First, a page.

Unlike other professions, politicians have to face their ‘clients’, the citizens of the country for a referendum every five years. In a democratic system, the onus therefore lies with us, the general public, to either elect leaders of our choice or, better still, become a part of the system ourselves and change it for the better. And we should not need an Aamir Khan goading us to do so before we finally wake up.

Amid the prevalent negativity, I today remain even more convinced that parliamentary democracy remains the best form of governance in India, in spite of all its complications and scope for further improvements. Attacks on its very foundation, of the kind seen in recent times will only serve to increase the levels of cynicism and despair among people. The situation that has developed in the country in the last few years is extremely traumatic for someone like me — educated, from a middle class family, without any political inheritance or godfather — yet someone who chose politics as a means to serve the nation despite other career options.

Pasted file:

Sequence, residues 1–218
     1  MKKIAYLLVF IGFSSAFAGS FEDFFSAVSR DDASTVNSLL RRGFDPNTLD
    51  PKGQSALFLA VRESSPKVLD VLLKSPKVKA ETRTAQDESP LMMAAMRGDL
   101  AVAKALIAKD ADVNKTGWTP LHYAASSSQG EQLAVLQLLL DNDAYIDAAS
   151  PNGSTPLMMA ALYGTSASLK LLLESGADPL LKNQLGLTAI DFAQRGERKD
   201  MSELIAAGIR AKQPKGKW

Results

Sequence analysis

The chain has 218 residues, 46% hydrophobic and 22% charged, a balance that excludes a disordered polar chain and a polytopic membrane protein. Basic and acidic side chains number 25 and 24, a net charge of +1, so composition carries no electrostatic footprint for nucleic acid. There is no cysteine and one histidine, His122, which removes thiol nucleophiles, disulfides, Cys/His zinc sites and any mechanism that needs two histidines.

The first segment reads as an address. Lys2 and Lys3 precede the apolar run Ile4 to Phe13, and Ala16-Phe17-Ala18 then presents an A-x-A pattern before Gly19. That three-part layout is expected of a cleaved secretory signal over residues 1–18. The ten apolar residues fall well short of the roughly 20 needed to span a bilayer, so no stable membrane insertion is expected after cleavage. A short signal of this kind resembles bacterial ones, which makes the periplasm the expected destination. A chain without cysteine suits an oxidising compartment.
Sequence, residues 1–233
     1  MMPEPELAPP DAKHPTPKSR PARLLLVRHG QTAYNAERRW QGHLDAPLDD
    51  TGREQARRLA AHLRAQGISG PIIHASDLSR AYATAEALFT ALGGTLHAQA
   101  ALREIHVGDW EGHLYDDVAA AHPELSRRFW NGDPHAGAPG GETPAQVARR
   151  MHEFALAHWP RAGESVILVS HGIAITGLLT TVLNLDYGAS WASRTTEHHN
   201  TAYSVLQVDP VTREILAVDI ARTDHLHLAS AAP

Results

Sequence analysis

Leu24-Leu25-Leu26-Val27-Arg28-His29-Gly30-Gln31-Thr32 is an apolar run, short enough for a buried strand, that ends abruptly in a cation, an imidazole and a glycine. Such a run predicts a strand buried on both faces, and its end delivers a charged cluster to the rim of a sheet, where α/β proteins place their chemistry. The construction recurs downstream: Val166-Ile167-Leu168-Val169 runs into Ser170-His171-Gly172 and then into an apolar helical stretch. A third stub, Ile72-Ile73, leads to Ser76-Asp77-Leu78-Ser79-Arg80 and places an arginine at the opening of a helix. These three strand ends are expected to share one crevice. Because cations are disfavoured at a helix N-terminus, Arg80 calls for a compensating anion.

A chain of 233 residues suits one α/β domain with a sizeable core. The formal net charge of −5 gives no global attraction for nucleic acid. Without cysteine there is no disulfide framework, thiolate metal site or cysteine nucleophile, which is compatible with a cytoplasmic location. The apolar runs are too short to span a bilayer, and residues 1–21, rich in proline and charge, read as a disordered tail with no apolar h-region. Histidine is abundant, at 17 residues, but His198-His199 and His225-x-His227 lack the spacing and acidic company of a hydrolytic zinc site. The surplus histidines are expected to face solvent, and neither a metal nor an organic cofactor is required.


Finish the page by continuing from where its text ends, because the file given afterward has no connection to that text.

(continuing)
However, as has been clearly pointed out to me during my daughter’s admission process, I cannot call myself a politician, simply because I am not yet an MP or MLA! And of course there is no guarantee that I may become one! For me, politics is also about participative democracy and making a positive impact on society.

Let me cite a recent example from my village. There was a long-standing property dispute between two families, who were neighbours. It even led to physical violence and court cases. Finally, knowing that I was a politician, they asked me to mediate, and I was able to facilitate an amicable solution to the issue and also bring about reconciliation between the parties.